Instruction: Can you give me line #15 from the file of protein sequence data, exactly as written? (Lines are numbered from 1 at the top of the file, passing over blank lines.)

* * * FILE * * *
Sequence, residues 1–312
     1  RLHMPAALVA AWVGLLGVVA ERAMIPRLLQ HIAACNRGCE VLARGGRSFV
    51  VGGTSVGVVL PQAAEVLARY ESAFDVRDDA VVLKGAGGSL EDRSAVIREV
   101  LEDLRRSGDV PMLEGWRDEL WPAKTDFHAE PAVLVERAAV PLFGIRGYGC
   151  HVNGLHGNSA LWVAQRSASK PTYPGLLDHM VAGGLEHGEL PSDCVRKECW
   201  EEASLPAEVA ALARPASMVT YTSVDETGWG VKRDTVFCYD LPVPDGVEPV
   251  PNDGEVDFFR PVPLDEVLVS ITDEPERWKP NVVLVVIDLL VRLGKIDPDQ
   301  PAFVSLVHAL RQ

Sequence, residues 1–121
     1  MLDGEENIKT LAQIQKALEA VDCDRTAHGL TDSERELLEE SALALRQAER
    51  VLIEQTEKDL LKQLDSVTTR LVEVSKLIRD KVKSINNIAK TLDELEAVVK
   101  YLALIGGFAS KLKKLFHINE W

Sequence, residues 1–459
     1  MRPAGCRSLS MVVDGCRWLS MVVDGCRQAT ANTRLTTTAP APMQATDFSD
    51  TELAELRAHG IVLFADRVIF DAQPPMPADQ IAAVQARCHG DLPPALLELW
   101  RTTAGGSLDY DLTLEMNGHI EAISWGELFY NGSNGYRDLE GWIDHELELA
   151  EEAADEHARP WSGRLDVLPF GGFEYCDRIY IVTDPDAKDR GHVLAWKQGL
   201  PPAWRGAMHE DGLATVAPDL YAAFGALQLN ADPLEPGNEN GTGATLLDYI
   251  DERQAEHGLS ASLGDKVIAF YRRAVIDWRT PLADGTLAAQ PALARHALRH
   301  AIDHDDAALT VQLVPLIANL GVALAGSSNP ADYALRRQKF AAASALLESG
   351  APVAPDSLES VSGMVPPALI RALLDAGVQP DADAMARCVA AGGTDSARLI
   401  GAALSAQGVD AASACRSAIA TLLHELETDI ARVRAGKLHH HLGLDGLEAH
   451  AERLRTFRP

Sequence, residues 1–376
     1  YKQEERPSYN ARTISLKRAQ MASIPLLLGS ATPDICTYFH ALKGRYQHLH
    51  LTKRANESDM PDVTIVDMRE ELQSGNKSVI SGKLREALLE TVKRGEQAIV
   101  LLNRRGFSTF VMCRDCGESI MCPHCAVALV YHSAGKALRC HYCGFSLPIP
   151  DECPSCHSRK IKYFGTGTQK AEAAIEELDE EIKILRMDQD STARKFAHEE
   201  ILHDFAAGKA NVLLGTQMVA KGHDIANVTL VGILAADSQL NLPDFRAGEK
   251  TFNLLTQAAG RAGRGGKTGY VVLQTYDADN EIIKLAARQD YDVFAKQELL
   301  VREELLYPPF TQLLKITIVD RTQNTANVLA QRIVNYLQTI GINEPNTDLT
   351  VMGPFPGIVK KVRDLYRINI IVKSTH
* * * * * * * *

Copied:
    51  TELAELRAHG IVLFADRVIF DAQPPMPADQ IAAVQARCHG DLPPALLELW